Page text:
Years ago I did a fairly lengthy course of CBT.
The whys and wherefores are not important to this post but what is significant is that during one of the sessions we looked at what I held at the time as my core beliefs. These are not to be mistaken with core values – principles that you hold dear and that guide you positively through life. Core beliefs are central beliefs that people hold about themselves, others or the world around them. They are usually negative in nature and if left unrecognised or unchallenged can be deeply restrictive and even toxic to the person’s wellbeing and enjoyment of life.
One of my core beliefs was that I was a failure. I think this is a fairly common belief for this type of session. What quickly became apparent was that I couldn’t be persuaded to let go of this one, or the others that I had signed up to, very easily at all.
However much evidence anyone gave me to the contrary I would argue against it. All those years ago I had recently been promoted and when the therapist pointed this out I assured her that I was sure my boss would soon find out that a mistake had been made. Today Amy Cuddy has coined the phrase ‘imposter syndrome’ and encourages us all to ‘fake it ’til we make it’ in her inspiring TED Talk. I guess that feeling of being an imposter was what I was feeling then and is what I will always be susceptible to if I’m not careful.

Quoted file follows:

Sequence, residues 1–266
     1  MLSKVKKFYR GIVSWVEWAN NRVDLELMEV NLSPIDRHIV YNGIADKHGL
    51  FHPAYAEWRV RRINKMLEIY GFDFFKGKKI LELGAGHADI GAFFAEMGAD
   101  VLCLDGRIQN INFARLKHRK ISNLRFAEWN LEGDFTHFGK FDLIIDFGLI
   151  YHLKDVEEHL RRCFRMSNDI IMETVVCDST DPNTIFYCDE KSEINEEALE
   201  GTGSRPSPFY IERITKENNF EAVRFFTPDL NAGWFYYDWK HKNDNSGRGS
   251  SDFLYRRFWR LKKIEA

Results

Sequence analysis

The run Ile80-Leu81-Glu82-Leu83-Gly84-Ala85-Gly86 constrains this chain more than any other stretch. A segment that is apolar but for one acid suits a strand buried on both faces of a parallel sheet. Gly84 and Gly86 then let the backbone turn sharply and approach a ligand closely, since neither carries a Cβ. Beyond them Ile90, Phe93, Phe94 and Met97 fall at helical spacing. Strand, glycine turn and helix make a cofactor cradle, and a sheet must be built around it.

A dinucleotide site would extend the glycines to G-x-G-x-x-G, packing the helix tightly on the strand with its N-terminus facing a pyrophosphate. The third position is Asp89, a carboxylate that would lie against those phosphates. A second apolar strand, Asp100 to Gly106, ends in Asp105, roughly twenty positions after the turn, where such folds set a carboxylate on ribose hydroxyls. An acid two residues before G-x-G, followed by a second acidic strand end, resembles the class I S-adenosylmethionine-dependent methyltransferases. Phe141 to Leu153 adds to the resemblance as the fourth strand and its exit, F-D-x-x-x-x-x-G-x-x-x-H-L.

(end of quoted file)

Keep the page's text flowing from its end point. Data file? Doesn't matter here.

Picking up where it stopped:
That session was revelatory and little by little I began to challenge my core beliefs and they have lessened their hold over me over time. Thankfully I rarely have such fiercely negative self-talk anymore.
Though I didn’t know it at the time a few years later mindfulness would begin to help me to keep a check on these poisonous core beliefs too. Mindfulness helps me to recognise when that old adversary – the voice inside my head with ‘I’m a failure’ on repeat – is back. I can then make choices about what I would like to do about it.
Lately I have noticed an increase in volume of this old dominant core belief and I’ve observed that it’s often when I’m thinking about parenting. The summer holidays shine a spotlight on my mummy skills (or lack of them). I am no domestic goddess, I can’t do crafts to save my life, our household rarely has an undisturbed night’s sleep (that’s my fault for not ‘teaching’ my children how to sleep right?), our children are the ones who don’t sit still at a table in a restaurant (when out with me – I think they are impeccably behaved with our lovely nanny who we have for three days a week in term time), and there seems to be a lot of tears and tantrums. I know that ‘thoughts are not necessarily facts‘ but it is sometimes a hard mantra to hold on to when you are feeling tired and run-ragged.
In all honesty I can, if I’m not careful, feel like I’m a bit of a failure when it comes to parenting. I also realise that my part-time job as a teacher is good for my self-esteem. So although it’s lovely not to be at work for six weeks and it’s great to spend so much time with the children, my self-esteem does take a bit of a hit.
It’s a relief to acknowledge this and just to ‘be’ with these feelings.
And anyway as I wrote here there is a lot more to motherhood than a tidy house and impeccably behaved children. Among the hullabaloo and the mess in our home there are plenty of hugs, kisses, smiles and laughter.
I suppose I mustn’t feel too much of a failure then, and in reality, with the help of the mindfulness techniques I have developed over the years, these feelings are fleeting and much less powerful then they once were.